C. Shark, on lower Surlac.
Creek mesa averaged 23 tons per
acre on five acres. Same land
was in beets the previous season
and land was not manured.
Ben J. Myers, on lower Sur
face Creek mesa, averaged 28
tons per acre on four acres.
Matt Dolphin raised live acres
of beets on Garnet mesa, secur
ing an average of 20 tons. Same
| land was in beets year of 1905
| and was not fertilized for 1900
J crop.
Thomas Ryan raised eight acres
in upper Gunnison valley, har
vesting 28 tons per acre,
C. N. Smith, in same location
as above, secured an average of
30 tons on seven acres.
S. P. Gutchelland Pat Sullivan,
J on land six miles above Delta in
| Uncompahgre valley, from heavy
adobe soil, raised 30 tons per acre |
I on five acres.
Reports given above cover a'
wide range of territory, taking in
| both Uncompahgre and Gunnison j
valleys and the different mesas,
demonstrating beyond doubt that
all our land is especially adapted
to the profitable production of
sugar beets, the .crop that, plant
ed in the spring yields rich re
turns in the fall if given proper'
attention and cultivation.
arc* caused by continual coughing
without relief. '1 hey are hardest
to cure and hardest to endure.
Cook’s Syrup of
White Pine Comp.
Soothes the mucuou.s membrane of
the throat and bronchial tubes, i. e.
Only 2 5 and 50c.
The People’s Pharmacy.;
Wagons, Buggies
and Harness.
Yes, we have them, and in quantities that may well astonish you.
Why, when they say “how is it you have such a stock of this kind
of goods?” we answer, it is because we have to keep the stock so
people can get what they want, and by getting it in carload lots we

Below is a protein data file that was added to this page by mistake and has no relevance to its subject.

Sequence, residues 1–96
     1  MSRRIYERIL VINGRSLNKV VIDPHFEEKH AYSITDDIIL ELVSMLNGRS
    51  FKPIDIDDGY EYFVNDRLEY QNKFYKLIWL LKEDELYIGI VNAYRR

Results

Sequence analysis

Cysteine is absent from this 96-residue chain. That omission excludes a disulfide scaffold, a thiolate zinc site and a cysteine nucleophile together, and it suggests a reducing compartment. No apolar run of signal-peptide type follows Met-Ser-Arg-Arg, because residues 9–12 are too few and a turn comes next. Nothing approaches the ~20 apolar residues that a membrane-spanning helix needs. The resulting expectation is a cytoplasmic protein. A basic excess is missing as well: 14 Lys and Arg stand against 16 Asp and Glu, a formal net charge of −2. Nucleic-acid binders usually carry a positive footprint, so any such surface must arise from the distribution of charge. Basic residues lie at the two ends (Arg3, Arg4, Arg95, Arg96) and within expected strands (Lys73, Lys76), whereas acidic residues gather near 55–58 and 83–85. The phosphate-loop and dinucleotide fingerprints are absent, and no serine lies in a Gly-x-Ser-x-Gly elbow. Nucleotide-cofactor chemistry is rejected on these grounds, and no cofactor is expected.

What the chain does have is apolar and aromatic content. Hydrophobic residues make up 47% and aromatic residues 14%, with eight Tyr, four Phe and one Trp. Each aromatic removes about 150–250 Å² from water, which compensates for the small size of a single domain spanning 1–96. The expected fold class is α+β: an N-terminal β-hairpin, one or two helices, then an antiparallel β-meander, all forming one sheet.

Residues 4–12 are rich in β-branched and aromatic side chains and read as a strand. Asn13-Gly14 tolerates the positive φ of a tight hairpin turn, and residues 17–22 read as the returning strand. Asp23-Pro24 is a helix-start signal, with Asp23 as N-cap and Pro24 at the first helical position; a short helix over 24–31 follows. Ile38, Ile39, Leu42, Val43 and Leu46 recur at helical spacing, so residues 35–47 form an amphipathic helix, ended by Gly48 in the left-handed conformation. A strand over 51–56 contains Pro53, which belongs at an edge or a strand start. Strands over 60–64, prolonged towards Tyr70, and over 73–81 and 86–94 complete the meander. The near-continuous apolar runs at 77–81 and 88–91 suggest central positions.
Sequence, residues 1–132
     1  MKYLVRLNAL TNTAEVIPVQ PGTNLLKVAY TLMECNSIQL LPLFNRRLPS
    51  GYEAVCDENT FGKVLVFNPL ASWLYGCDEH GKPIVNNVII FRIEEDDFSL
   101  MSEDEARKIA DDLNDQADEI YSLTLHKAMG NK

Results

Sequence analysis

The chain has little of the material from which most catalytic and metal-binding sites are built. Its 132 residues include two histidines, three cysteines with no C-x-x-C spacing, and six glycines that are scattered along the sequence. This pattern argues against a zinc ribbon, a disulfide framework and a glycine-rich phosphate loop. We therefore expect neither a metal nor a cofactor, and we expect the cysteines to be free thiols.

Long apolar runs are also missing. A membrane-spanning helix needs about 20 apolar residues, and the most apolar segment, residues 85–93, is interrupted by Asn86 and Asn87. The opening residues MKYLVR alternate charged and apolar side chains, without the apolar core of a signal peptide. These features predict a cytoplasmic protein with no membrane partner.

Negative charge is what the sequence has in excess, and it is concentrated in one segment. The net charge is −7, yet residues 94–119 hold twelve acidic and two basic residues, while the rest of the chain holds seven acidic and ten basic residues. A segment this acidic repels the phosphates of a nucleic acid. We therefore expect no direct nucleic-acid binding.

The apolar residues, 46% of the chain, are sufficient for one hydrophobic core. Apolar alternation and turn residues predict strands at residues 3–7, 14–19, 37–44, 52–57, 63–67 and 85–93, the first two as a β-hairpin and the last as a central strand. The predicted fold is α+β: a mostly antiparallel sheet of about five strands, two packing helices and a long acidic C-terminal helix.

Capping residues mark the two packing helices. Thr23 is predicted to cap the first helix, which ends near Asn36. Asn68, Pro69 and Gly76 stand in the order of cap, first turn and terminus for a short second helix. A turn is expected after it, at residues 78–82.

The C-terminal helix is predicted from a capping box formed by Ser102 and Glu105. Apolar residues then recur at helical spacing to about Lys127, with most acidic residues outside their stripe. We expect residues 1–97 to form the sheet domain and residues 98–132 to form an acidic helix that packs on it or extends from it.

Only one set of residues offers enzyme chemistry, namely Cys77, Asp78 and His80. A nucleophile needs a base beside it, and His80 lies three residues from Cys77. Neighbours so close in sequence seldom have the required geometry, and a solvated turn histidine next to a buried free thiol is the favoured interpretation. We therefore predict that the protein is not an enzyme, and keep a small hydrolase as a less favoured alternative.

can save you the local freight and still make a profit. Do you see?
That is the reason we have Columbus, Studebaker and Pontiac
Buggies by the car. We want you to see the stock, then you will
know what this means. Wagons by the dozen, and harness in all
styles and kinds. You can get Robes, Blankets, Strap Work and
Whips. We do a repair business, also. Come in and see us.
—1 ■’ **—
Yours for Business,
F. P. HUNT & CO.
. !„1 rT»il|
I '' ■ r-‘v; if-fncrc is strcocdlp
i | | mi? Union, why is Itpcne nor
I' 19 Union-
I P V? .‘soils. Corrjforf is b. IrjintX
| [ feib consider f,
- lj| \) I jr~ j_ vou C(>nrbfi coroTpf
q L T/i&.blcwi!i r ;buf
. Lie yr)c!erv/e<yr wly nob*
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‘4 S ; - , : ' " < • - Vi'--
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1)9(09 suits &re 90 1 bupglesonje &.rou9d tlpe
wadst. lpelp to give & better forrrj.
Clotlpes should fronp tlpe shoulders \&
njuclp as possible because tlpe shoulders \re
npore fcble to be\r tlpe weiglpt. U 9109 suits
will keep fronp getti9g so tired because
tlpev will be less trouble to &rou9d.
K9oWi9g tipis we put i 9 &. targe li 9e of 1)9109
suits. Our li 9e of 1)9(095 is still targe, &9d
9ot wislpi9g to ca.rry tlpenp over we &re 90W
selli9g tlpenp ad reduced prices.
Women s fleece cotton suits - 50 c.
Women s natural wool suits - - $1.35
Women s fine Munsing suits - $2.25
Women s finest wool suits - - $2.50
Women s Munsing fleece suits - 90 c:
Men’s Munsing winter suits - - $1.35
Men’s Munsing natural wool suits - $2.50
Very Truly.